Back to Announcements

Working to unlock new treatments for IBD

Leaders in gut health testing, Brisbane-based Microba, has backed sufferers of Inflammatory Bowel Disease (IBD) through a donation of $3000 worth of sales during May to support IBD organisation Crohn’s and Colitis Australia (CCA) and the launch of a program targeted at finding relief for those with IBD in June.

Microba are pioneers in gut microbiome analysis – providing not only a home test kit and report to explain the bacteria living in a person’s gut, but also dietary suggestions to assist with improving gut health.

The new program – launched at global biotech convention, BIO, in Philadelphia in June – aims to understand IBD further and identify future ways to combat the disease.

As part of their support of those already suffering with IBD and those yet to be diagnosed, Microba donated a portion of all sales during IBD Awareness Month in May to CCA to support research efforts.

Microba CEO Blake Wills said that the leading biotech placed significant importance on assisting those with IBD to potentially see a brighter future, not only by donating to CCA but also through looking at a long-term program to build awareness and improve treatment options.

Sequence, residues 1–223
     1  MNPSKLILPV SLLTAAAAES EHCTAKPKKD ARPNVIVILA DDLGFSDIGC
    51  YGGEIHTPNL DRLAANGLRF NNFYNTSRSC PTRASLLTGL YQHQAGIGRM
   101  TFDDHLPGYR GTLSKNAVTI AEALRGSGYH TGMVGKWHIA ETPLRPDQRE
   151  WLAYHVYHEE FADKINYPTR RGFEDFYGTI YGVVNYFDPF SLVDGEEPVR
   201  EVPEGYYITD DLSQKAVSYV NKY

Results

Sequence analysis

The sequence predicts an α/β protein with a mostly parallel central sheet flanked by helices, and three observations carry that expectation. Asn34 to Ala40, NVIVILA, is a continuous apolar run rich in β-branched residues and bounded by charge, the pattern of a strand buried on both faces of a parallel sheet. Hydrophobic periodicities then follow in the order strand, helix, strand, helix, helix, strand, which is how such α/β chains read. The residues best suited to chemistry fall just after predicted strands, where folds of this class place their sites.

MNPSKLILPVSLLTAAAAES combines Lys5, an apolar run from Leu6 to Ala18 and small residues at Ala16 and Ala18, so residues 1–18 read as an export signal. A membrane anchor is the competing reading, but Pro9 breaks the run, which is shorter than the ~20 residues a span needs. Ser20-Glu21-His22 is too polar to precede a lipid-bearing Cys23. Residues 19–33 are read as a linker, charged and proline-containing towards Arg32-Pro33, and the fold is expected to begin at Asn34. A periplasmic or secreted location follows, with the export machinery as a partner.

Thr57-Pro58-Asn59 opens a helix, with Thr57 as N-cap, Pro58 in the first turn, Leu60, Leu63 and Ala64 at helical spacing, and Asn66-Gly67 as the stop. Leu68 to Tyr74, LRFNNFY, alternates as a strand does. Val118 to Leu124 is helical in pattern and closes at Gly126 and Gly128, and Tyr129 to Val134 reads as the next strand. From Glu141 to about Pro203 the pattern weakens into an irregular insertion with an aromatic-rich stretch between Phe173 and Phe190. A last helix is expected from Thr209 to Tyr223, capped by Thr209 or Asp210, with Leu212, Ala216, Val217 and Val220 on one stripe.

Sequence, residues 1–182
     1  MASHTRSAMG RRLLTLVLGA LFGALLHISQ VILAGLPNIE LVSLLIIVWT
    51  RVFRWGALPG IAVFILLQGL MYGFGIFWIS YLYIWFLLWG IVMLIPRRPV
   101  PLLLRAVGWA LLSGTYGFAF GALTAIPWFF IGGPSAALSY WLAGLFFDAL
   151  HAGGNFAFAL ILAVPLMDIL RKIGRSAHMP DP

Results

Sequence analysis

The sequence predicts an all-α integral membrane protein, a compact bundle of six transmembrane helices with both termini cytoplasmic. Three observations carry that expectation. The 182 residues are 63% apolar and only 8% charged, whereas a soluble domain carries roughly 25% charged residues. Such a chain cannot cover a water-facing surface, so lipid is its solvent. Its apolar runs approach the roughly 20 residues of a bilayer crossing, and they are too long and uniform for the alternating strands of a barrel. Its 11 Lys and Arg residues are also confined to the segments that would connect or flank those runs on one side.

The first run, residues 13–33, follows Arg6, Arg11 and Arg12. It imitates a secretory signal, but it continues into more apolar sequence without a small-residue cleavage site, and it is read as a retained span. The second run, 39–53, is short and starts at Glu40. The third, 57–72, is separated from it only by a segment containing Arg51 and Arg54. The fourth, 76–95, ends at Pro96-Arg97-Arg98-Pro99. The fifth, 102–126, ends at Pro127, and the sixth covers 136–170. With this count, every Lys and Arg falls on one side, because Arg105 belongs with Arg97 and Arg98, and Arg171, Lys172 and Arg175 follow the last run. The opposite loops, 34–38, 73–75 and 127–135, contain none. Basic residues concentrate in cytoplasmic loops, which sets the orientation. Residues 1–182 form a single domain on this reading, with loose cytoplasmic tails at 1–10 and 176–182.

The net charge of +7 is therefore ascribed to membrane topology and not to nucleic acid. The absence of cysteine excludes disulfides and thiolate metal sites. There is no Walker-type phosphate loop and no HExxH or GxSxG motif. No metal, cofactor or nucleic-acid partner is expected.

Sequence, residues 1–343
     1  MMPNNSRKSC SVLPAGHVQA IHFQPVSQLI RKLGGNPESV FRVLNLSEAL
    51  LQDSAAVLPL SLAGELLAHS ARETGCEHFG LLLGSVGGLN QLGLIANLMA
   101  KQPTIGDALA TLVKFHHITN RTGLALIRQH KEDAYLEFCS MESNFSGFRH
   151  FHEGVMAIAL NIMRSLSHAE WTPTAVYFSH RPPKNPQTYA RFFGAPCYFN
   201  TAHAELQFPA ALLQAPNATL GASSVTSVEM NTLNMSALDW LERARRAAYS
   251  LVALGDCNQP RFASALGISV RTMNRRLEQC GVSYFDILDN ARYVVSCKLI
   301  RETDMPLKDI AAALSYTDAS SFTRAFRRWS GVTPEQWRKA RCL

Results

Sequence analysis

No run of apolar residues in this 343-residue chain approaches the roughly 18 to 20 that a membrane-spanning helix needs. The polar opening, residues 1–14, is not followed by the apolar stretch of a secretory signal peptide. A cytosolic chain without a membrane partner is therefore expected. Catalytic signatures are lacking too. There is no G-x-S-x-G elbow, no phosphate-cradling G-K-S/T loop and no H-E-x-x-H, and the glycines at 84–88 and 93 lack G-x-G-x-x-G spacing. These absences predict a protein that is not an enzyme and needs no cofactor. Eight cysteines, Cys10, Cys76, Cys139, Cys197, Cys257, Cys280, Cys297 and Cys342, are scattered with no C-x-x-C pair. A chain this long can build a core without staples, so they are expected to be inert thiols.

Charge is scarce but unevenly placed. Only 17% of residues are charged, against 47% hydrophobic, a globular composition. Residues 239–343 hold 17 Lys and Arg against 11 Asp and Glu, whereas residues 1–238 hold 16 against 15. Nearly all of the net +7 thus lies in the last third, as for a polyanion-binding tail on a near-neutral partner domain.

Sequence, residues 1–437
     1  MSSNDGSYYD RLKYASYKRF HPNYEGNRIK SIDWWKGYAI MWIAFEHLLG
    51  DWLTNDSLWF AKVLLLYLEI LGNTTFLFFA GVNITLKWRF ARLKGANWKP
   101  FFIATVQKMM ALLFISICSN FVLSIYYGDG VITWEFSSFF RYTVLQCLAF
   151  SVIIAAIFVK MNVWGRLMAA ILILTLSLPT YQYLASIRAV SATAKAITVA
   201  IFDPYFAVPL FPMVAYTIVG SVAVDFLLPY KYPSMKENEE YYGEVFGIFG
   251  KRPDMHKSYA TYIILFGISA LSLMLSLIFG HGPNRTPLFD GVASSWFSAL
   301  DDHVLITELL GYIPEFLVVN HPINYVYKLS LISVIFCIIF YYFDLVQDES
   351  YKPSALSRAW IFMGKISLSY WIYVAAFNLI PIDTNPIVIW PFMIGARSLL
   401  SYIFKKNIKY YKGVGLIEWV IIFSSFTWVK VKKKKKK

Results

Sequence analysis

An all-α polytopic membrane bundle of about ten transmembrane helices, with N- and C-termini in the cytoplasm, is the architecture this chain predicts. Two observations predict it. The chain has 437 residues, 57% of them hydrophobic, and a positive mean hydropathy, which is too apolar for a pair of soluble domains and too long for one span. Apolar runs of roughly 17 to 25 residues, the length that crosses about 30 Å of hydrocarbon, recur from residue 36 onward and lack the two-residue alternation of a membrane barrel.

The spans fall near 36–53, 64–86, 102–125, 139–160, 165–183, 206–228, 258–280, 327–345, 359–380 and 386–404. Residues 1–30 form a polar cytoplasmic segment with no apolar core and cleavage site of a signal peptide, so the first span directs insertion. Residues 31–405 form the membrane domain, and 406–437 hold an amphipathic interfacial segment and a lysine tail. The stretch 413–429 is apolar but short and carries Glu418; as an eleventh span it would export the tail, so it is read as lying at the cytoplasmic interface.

“At Microba, we have strongly supported World IBD Day and IBD Awareness Month through our donation and awareness raising, and we want to take this further by unlocking new treatments in IBD,” he said.

“So far, we have identified 21 bacterial species commonly found in healthy individuals but not detected in those with Crohn’s, and 20 in those with Ulcerative Colitis.

“Our researchers are now looking further into this data and using cutting edge science to identify bacteria, or by-products of these bacteria, that can be developed as a potential treatment to rapidly induce and maintain remission.”

Australia has one of the highest incidences of IBD worldwide, with one in every 250 Australians affected by the disease – over 80,000 people total.

Long-term management of IBD is seen as crucial and currently unmet at a medical level, making

Microba’s ability to predict IBD in patients from gut microbiome data alone with 86% accuracy key to understanding the role of these bacteria in disease progression, and developing new therapeutics and diagnostic methods.

“We are pleased to be able to support those suffering with IBD in any way that we can,” Mr Wills said.

“To be able to not only assist through a donation, but also to help sufferers long term with potential for early diagnosis and treatment options, is a key goal for us at Microba.”